My scenario was this:
Pulling in several million rows of data from a DB2 database system into an Enterprise 2012 SQL Server Analysis Services setup. This data was basically tranasction records keyed on several fields, like Location, job numbers…etc. And this data was from a main system that was not developped or maintained by the devs I work with.
But in the data’s structure there was an element that wasn’t completely rock solid. That was trying to get the most recent transaction of it’s type based on a max date, max time (on the given date) and also a max sequence number.
Problem was on occasion there was no sequence number and even no time records… really making it impossible to accurately get the desired results. This transactional data is used, from what I can tell, as a log that is compiled by a few different “sub programs” or modules within the main application.
This data was accessible through the legacy system, an ancient green screen program, which still worked quite well but was no longer being used. However, in this program when viewing the data you could see record level keys… but these were not accessible by query field.
These were loaded in correct sequence and give the desired results (in my case) with the proper criteria.
We didn’t think, at first, that it was possible to get these record numbers which wouldn’t just fix the current problem but also simplify our update scripts.
After a little research (thanks Google!) I found that it was so very easy.
I found DB2’s RRN() function. All I had to do was pass the table name to the function in the query and the RRN function would return this Relative Record Number.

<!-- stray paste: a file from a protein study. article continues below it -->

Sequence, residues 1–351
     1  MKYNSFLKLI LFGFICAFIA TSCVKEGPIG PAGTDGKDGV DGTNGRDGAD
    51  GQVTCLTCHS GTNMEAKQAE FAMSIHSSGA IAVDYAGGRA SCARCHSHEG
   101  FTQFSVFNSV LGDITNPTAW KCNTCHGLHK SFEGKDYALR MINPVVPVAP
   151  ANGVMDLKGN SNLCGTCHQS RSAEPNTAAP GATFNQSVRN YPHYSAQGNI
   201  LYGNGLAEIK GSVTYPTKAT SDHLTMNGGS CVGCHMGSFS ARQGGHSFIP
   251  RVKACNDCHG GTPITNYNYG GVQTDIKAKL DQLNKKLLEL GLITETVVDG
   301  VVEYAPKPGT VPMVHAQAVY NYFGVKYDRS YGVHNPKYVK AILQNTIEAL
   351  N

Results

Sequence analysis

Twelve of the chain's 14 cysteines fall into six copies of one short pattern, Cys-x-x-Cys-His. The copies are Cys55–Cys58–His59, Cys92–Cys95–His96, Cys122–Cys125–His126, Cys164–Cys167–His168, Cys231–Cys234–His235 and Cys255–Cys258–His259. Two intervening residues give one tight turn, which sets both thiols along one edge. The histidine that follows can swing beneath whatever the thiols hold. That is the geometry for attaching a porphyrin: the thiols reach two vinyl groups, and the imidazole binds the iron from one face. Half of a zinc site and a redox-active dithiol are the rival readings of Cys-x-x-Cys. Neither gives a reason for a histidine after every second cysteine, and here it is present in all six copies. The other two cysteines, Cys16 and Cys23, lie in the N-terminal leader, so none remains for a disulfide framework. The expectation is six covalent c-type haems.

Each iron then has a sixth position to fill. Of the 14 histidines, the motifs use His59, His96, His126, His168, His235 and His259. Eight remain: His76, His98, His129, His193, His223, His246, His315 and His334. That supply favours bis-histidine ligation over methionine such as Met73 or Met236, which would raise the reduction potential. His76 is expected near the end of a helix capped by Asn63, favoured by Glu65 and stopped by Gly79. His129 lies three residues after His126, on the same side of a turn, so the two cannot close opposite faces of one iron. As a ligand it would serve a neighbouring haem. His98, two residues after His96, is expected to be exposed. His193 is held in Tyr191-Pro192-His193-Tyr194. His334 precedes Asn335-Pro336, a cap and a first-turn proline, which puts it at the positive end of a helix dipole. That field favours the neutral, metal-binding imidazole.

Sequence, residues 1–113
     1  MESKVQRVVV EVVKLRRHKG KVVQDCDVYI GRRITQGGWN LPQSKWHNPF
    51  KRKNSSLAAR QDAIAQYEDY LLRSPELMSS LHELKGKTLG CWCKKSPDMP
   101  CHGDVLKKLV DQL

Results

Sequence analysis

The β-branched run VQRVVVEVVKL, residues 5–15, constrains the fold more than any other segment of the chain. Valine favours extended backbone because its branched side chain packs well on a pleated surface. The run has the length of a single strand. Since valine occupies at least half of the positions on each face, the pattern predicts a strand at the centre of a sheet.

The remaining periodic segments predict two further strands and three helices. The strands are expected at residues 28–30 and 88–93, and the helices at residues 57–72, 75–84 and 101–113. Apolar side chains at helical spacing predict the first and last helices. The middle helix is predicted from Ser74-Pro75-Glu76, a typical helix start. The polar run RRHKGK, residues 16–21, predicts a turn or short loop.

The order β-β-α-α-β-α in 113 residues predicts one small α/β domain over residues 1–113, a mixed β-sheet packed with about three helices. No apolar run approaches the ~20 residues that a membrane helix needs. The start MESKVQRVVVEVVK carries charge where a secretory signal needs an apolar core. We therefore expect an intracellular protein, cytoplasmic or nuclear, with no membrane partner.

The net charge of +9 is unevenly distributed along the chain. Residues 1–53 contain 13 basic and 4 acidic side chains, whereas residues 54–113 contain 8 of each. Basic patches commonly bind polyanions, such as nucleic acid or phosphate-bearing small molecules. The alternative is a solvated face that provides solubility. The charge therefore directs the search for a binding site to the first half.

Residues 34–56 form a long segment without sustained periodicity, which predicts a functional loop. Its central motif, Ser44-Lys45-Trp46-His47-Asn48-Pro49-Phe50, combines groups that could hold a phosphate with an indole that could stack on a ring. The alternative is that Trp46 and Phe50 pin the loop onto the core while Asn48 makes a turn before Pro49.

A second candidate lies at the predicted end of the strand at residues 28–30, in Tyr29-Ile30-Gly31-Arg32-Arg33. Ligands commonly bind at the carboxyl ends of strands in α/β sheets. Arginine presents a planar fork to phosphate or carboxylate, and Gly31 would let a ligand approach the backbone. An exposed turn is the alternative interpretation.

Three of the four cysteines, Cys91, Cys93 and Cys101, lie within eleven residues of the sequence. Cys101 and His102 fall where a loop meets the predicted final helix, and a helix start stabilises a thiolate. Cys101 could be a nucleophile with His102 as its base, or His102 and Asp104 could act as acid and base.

SELECT RRN(users) AS rID,FirstName,LastName
FETCH FIRST 10 ROWS ONLY
Or using an alias on the table name
SELECT RRN(u) AS rID,FirstName,LastName
FROM users AS u
FETCH FIRST 10 ROWS ONLY
This query would return 10 records (SQL server TOP 10 equivalent) with rID as the Relative Record Number.
Thought I’d add this for future reference.
Working with a column that was defined as a varchar in a database, but it was intended the contain integer values. Whatever the original purpose for this I’m not sure as I’m not the database’s author.
The program that is used to enter data also allows the input of non-numeric characters.
So, in my scenario, this could be a problem when joining onto that column in a query.
Using ISNUMERIC() in this way eliminated all non-numeric data for me.
ISNUMERIC(dbColumn + ‘.0e0’) = 1
Greetings. It’s been so long since I’ve even touch this blog that I write this first line with a touch of shame.
Ok… I’m over it now. 😉
I’ve been working heavily with SQL Server 2008 and with DB2 for the last couple of years. I really love my job.
Lately we’ve been working on a data warehouse project which is structured for reporting. This presented a new concept in my lap which at first I didn’t find to hard to comprehend, we I still don’t really, but it threw a wrench into the wheel I’ve been accustomed to.
– Data denormalization –
Writing SQL code for many years, for me, has been about creating relational databases where data is divided up and joined together in queries. Denormalization brings forth the concept of doubling data for the purpose of having it readily available. (Fast)
So the thought process has been different. Writing SQL jobs that will suck in data in the format that we require to build our warehouse (CUBE – Ready). I guess what this method really seems to be is a space vs time trade off. You have much more data, doubled up… but the result is that you can query it very fast.
The cube my co-worker created was really really fast. Slicing and dicing the data at the blink of an eye.
Data is only as good as it’s usability.